Last night we each had a few slices of kiwi to finish off our supper, and within minutes Ninja was complaining of a tingling mouth and a sore stomach. Then he said his body was itching, his throat was closing up and he was struggling to breathe. Yikes!
So off to the hospital we raced, only to… wait around for two hours or so. Thankfully it seemed to be a fairly mild reaction, and we were eventually sent away with some antihistamines. I’m happy to report that my man is much better now 🙂
When I did some online reading up on allergic reactions to kiwi fruit, I discovered that the problem is fairly widespread. It can also be exacerbated by the oddest things, including birch tree pollen and banana. And it just made me think, sheesh! There are just so many things to be on the lookout for these days. Danger lurks everywhere, even in your fruit basket 😛
But spending the latter part of our Sunday evening in the ER waiting room was also a humbling and eye-opening experience. Watching all those hardworking, patient, friendly and efficient doctors and nurses give up their Sunday evening to help others, I was struck by how the majority of us are blissfully unaware of what other people’s lives entail.
I noticed wedding bands on many of the staff members’ hands, and thought about what it must be like to be part of a marriage that involves such regular personal sacrifice for the sake of serving others. I asked the nurse who attended to Ninja what time her shift would end, to which she replied, ‘Tomorrow morning.’ It was 10 p.m. by that time, and I was already falling asleep after a long, hard day of doing nothing. How I admire those people!
In my cocooned little world that has rarely been touched by severe illness or trauma (praise God for His grace in that), I must admit I’ve never really spared a thought for the night-shift workers and emergency room staff and others like them who daily serve total strangers with a smile. They deserve our respect – and that was another thing that struck me last night. There were about a dozen copies of the same sign all over the ER reception, advising patients that under no circumstances would physical or sexual abuse towards the medical staff be tolerated.
Do people really need to be told not to be aggressive towards the doctors and nurses trying to help them? Sure, I can understand that in an emergency situation people panic and can start frantically making demands of the staff, but it surprised me that physical violence and sexual harassment would need so many warning notices. As if the staff don’t have enough to deal with.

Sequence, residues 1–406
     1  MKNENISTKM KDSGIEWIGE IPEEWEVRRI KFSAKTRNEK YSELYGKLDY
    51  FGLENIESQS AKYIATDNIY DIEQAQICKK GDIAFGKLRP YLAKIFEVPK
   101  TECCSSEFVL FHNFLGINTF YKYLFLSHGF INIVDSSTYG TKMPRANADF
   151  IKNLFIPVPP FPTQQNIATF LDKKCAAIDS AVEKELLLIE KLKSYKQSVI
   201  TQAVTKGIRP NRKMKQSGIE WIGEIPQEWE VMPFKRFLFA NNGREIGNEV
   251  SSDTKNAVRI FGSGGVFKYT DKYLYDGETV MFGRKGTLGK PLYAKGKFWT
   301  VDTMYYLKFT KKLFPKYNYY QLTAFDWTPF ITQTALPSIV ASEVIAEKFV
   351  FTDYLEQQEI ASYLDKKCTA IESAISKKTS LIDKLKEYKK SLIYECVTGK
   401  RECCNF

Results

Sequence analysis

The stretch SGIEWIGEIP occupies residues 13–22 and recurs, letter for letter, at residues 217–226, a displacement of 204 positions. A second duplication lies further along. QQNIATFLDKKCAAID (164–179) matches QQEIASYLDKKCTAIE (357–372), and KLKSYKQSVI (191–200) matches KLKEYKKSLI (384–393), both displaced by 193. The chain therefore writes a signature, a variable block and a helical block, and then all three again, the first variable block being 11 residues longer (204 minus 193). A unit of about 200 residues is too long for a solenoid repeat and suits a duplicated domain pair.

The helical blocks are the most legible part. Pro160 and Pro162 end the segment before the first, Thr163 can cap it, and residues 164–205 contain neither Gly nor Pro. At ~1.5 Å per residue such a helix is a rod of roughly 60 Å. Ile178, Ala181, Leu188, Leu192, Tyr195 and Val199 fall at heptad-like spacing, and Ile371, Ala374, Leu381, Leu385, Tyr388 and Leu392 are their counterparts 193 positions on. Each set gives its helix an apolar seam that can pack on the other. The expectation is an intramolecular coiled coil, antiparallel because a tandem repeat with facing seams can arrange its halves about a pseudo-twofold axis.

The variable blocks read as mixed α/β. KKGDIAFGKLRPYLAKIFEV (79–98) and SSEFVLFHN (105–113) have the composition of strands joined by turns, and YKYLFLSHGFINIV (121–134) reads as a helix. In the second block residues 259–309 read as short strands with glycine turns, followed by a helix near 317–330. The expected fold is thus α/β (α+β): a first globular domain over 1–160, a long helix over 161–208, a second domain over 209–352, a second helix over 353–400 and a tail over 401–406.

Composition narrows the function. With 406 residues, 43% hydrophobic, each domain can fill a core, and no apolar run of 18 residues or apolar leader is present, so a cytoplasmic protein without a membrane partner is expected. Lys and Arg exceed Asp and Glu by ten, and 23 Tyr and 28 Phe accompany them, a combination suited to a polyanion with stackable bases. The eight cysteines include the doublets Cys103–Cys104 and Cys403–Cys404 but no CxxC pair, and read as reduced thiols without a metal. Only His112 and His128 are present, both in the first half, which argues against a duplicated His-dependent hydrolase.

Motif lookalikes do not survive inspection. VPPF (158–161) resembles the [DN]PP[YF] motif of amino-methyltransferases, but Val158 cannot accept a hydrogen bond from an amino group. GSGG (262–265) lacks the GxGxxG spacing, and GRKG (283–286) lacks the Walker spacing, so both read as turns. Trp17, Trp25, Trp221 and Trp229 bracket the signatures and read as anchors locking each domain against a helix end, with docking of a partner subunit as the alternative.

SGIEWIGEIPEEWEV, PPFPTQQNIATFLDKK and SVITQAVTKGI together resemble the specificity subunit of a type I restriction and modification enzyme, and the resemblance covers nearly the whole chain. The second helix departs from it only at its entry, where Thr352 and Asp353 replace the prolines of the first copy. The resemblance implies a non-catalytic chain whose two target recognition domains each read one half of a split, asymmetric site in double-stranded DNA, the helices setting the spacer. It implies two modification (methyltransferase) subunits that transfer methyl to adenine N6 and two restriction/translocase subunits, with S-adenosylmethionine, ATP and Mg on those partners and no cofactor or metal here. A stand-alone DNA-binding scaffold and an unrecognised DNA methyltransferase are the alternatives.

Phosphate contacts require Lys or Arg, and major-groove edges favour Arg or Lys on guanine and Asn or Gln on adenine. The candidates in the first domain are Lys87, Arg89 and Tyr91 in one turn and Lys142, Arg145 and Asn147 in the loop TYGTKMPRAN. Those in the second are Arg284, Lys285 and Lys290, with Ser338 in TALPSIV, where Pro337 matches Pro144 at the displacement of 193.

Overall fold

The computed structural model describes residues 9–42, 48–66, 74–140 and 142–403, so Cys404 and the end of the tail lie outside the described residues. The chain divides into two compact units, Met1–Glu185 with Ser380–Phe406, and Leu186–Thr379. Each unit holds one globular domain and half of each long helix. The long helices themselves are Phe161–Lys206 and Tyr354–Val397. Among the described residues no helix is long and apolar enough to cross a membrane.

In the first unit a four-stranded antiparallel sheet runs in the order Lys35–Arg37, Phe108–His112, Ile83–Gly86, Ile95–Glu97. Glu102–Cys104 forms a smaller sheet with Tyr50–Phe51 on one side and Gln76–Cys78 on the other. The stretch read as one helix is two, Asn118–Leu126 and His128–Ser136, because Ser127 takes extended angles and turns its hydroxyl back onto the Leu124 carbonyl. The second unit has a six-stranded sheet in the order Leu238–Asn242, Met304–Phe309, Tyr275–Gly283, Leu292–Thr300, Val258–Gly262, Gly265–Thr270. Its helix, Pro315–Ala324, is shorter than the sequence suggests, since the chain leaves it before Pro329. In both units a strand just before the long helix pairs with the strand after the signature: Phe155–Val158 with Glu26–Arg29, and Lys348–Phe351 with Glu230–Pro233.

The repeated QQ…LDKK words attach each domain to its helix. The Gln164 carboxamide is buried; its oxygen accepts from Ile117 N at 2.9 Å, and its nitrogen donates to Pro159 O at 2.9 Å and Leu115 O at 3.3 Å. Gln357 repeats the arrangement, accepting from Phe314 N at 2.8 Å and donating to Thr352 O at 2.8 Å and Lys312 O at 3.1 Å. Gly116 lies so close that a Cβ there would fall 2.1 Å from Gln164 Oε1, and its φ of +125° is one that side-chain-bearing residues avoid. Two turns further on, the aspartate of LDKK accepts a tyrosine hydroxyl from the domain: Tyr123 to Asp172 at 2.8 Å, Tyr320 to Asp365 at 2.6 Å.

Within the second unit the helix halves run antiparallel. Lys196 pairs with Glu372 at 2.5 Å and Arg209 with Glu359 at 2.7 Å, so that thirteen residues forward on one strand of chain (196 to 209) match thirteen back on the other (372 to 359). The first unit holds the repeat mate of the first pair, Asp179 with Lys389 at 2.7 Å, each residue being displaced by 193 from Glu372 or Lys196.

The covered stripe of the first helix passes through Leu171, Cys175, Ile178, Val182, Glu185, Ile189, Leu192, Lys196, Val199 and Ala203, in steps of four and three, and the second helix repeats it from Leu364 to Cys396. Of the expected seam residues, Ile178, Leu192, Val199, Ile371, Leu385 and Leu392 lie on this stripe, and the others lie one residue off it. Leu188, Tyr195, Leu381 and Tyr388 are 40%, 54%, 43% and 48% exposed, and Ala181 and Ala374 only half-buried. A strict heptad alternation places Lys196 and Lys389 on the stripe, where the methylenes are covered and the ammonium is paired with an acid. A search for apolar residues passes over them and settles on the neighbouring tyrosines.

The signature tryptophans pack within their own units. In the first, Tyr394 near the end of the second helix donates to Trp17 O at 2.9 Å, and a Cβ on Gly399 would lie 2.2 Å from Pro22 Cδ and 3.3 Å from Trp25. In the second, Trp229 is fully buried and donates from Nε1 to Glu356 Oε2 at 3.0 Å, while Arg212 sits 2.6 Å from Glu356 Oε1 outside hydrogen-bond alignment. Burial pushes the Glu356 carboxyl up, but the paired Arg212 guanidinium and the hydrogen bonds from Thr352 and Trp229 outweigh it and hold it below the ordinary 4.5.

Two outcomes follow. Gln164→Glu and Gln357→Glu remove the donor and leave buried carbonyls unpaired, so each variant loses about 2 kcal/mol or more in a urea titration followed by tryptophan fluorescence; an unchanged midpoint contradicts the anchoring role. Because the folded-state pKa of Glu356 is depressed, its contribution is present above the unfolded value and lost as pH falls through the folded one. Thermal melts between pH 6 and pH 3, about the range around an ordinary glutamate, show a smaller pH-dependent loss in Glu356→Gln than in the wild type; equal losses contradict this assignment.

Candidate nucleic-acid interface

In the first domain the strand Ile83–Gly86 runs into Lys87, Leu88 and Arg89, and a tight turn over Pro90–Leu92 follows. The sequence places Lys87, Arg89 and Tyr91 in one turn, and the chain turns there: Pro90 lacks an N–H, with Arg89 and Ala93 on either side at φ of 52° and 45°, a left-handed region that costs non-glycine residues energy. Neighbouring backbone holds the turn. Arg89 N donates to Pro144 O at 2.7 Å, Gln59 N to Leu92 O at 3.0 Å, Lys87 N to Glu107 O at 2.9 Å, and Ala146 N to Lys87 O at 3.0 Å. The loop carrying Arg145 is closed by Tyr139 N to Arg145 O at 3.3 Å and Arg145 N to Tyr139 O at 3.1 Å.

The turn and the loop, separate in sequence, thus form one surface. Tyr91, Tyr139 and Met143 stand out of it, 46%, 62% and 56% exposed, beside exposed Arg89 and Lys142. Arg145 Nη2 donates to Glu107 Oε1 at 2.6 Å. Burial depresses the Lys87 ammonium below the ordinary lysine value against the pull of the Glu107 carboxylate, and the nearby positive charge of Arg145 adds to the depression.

I also learnt a few things by quietly observing some of the other patients in the waiting room. For one, I quickly came to appreciate the value of parents disciplining their
brats kids. One little boy was allowed to run amok, screaming, laughing, rushing around and bashing things, while the rest of the sick patients and their nervous, tired family members had to just grit their teeth and shoot silent death stares at the selfish parents. I mean, for goodness’ sake! It was the casualty ward, not the paediatrics playground. Anyway, we all heaved a collective sigh of relief when that family moved along.
There was also a lady there whose husband loudly announced in conversation that she was a chemo patient. She looked like she wanted to crawl under a chair and hide, and at first he seemed far too cheerful… but it didn’t take long to see that it was a mask for his nerves. Then there was the father with his small, sick, pink-clad daughter curled up on his lap, and the young man who was shaking and clearly in pain, sitting next to his indifferent wife? girlfriend? who was absorbed in playing games on a handheld console. And the elderly man following his frail little wife who was wheeled out of ER on a hospital bed. Or the man on crutches, one leg amputated above the knee. So many people, with so many different stories to tell.
I was humbled watching these people and innocently overhearing some of their struggles. It reminded me that even though I’m usually upbeat and focused on the lighter side of life, I can’t ignore the fact that there is a hurting world right outside my door. There are people out there who need a cure, who need comfort, who need Christ. People who need hope and help and someone to hear them out.
Although there’s nothing wrong with celebrating the good things, I never want to forget that there are other ways to make a difference in this world. It’s not always just about ‘all things bright, beautiful, sweet and fluffy’.